Thanksgiving was just three days behind us, and the Charleston South Carolina weather was surprisingly warm. My thirteen-year-old granddaughter decided to go for a walk, but as is often the case with Maggie, she walked too far and wore herself out which necessitated a call to her mother on her iPhone, the one permanently attached to her.
“Mom, I walked all the way to Harris Teeter and I’m way too tired to walk home. Can you pick me up at the store?”
She clicked off and then, like any other teenager, immediately began texting. Right in the middle of a message to her bestie, Maggie felt a tap on her arm. She jumped. Images of Freddy Krueger quickly produced her fight-or-flight reflex.
When she turned to face the person tapping her arm, there was no monster. The sad eyes gazing into Maggie’s belonged to a frail, homeless woman wearing a frayed mask.
“I was wondering,” the woman said, “if you would buy me a slice of pizza.”
Maggie might have turned away. She might have replied with a loud NO! GO AWAY! She might have ignored the woman.
But she didn’t.
“Sure,” she said to the woman. “I’ll buy you a slice.”
Before Maggie got into the store to buy it, the woman called out to her, “Tell ‘em to put lots of onions and pepperoni on it, but no anchovies.”
The woman’s last-minute order tickled Maggie and made her grin as she walked into the store. Then she did something I don’t think many kids her age would have thought to do. Turning back, she asked the woman, “How about a Coke or a Pepsi to go with the pizza?”
The woman grinned. “Oh yes. A Coke would be good.”
When my granddaughter told me about the incident, I was proud of her, so glad that in a world gone crazy with greed, her generosity of spirit was and is, alive and well.
Socrates must have had a low opinion of youth when he said, “Children today love luxury; they have bad manners, contempt for authority; they show disrespect for elders and love chatter instead of exercise.”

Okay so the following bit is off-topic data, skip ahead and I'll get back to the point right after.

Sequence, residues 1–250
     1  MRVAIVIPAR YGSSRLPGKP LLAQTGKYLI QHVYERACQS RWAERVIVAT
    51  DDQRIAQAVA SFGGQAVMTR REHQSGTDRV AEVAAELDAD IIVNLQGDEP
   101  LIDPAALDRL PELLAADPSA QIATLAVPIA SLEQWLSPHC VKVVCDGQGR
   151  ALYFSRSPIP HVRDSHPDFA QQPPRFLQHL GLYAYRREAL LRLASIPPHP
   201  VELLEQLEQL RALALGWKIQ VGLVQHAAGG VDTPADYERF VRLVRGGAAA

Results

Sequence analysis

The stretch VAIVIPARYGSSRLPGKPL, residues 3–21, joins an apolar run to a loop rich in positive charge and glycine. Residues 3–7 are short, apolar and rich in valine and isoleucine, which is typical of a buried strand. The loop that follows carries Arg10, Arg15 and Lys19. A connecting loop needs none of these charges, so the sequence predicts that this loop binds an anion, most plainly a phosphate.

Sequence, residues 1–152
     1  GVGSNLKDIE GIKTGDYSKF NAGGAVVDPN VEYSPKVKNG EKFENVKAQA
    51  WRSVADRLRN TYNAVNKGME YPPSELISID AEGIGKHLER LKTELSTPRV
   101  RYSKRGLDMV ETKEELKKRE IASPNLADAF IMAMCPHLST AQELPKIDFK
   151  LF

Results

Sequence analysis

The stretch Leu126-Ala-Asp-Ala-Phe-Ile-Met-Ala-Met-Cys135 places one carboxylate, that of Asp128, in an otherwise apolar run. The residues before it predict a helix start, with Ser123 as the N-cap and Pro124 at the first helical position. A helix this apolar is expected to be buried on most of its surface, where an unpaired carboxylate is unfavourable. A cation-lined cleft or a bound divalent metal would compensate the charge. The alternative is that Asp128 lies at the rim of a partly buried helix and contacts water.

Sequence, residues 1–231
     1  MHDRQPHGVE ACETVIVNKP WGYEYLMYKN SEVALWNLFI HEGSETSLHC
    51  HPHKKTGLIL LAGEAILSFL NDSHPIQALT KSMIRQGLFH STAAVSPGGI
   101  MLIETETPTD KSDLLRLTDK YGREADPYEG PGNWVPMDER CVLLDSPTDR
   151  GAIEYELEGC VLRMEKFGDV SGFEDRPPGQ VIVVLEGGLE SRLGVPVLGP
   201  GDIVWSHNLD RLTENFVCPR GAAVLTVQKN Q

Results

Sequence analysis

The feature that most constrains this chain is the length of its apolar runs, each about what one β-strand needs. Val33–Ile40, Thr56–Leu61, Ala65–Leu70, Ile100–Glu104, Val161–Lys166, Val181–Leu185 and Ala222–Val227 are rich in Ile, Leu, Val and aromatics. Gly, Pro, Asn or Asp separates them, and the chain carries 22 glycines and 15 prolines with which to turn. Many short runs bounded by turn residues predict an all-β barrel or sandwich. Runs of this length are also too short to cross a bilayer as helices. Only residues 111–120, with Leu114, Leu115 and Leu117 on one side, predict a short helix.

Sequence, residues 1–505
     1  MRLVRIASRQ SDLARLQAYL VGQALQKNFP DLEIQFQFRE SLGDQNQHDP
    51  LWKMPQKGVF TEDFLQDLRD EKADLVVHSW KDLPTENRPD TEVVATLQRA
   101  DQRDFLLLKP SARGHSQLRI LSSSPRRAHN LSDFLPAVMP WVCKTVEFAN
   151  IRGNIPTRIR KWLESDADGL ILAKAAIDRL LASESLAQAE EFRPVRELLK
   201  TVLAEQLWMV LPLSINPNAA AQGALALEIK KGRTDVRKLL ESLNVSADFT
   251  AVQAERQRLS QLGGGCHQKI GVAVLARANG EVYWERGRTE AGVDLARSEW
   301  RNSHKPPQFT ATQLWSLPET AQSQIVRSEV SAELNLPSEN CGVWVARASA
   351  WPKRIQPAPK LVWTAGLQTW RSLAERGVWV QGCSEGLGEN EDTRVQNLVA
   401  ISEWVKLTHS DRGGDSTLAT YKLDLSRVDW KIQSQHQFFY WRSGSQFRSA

He had more to say on the subject about kids in his ancient world. I quote him now only to illustrate how easy it is, even today, to criticize and give up on our young people, especially teenagers. Maggie’s good heart and her generous spirit negated what Socrates said. Maybe adults need to look deeper into the hearts of our young. After all, they are the future.
For over four years, we have lived by a different set of rules than we did BC (before Covid). None of us are likely to admit it, but due to the pandemic and the need to stay safe, it was often easy to adopt a “Me Attitude.” Maybe we didn’t completely forget about other people, but out of necessity, we concentrated on family and friends in our personal orbit. It’s time to change that.
A few years ago, people all over our country participated in Random Acts of Kindness. They didn’t do it because it was good for them or made them feel better about themselves, but because it was the right thing to do. Books were written recapping experiences of people who randomly paid it forward by helping total strangers when they saw a need and fulfilled it. Simple as that. The world was made a little kinder by their random acts.
We have lived through, and even now still struggle with viruses that curb the lifestyles of people in our world. Perspectives shifted and forced us to change our way of thinking about so much when Covid-19 hit. It is important for us to remember that we are all in this thing together. Although there is not a total solution to all the woes of the world, we can still make a difference by incorporating kindness in our lives.
Let’s bring back Random Acts of Kindness. It's the kind thing to do.
What the world needs now is love, sweet love.
It’s the only thing that there's just too little of.
What the world needs now is love, sweet love
No, not just for some, but for everyone.